Oubliette, from the French ‘oublier’, to forget.
In the immortal words of Hoggle from The Labyrinth:
An Oubliette is a place you put people to forget about them.
I have an oubliette, not for casting away annoying people that have done me wrong, but for projects that just never came to be, for whatever reason. It’s not so much a dark and distant dungeon which I can walk away from to such a distance as to not hear the piteous sobs of what lies within, but a small cylindrical box that resides on my desk.
It’s a place I put knitting, to forget about it.
As long as items are concealed within I do not feel guilty about their unfinished state. ‘Out of sight, out of mind’ works just fine as far as I am concerned, but today I decided it was time to open up the oubliette and find what UFOs (unfinished objects) still resided within, and if they could be completed, salvaged, or if the yarn could be re-imagined in any way.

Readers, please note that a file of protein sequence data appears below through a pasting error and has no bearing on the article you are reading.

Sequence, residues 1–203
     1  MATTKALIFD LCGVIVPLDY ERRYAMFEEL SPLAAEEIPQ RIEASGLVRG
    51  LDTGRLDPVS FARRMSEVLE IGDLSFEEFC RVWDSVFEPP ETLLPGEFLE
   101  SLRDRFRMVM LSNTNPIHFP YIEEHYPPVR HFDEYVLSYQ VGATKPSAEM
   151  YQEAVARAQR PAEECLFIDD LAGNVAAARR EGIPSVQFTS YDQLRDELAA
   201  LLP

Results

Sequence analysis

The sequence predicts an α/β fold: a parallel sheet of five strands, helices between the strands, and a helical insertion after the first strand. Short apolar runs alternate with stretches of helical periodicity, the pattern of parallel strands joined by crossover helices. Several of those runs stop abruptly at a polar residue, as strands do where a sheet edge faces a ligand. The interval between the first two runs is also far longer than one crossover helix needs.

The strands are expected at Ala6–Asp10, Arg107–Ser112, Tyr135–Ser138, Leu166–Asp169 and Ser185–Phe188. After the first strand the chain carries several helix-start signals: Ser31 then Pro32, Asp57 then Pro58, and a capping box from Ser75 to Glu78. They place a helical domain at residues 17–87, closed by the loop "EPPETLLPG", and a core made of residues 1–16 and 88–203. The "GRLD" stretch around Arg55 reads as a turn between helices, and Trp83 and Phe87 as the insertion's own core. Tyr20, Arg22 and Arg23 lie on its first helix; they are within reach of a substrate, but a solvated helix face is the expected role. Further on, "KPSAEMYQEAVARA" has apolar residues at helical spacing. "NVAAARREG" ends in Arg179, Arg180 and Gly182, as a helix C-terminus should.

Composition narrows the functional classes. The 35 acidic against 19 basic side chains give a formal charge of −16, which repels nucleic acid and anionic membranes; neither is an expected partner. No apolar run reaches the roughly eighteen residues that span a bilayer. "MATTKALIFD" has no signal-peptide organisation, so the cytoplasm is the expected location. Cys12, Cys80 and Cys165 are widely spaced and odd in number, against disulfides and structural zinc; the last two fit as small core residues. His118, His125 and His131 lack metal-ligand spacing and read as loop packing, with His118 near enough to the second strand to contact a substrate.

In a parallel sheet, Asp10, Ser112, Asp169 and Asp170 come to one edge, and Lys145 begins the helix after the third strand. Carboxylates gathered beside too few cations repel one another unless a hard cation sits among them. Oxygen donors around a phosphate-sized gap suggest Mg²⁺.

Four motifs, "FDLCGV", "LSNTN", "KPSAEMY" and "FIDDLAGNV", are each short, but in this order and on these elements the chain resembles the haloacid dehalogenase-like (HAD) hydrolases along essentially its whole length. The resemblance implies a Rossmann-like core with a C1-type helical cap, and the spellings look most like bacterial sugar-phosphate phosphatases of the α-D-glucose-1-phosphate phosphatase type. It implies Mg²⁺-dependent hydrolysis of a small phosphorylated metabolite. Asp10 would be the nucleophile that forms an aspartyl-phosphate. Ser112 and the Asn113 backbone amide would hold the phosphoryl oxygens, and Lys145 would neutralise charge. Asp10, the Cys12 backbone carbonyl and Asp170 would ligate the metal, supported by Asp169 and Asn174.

To be fair to myself I am a pretty monogamous knitter. Every now and then I will have to lay aside a complex piece of knitting, such as the Red Admiral I am working on, because I have a knitting deadline to meet (the current one being Christmas – how did that creep on on me?), but under normal circumstances I only have one project ‘on the needles’ at any one time.
Despite this I found a few things inside:
There’s the leg motif of the Pine Tree socks I was knitting for my brother-in-law, the rest of which I had ripped out to make some mitts for my mother (but I couldn’t bare to unravel the tree motif for some reason, and I found I had enough yarn to complete the mittens without doing so). There is also a half-finished hot-water bottle cover I was making out of pink cotton as comfort knitting when my Grandad passed away, and which I couldn’t bring myself to later complete as it somehow brought back the feelings of sadness I experienced as I knit when his death was imminent. I have decided to unravel the pink cotton and make a few fun and frivolous things for Christmas, to repurpose the yarn into small but cute things for a few of my siblings, to make the yarn into something happier.
Also in the oubliette were a few knitted sunflowers I had made from old yarn scraps that I didn’t want to throw away as waste, so I am going to have a think about how I can use those as embellishments on a project. Hoggle would be proud.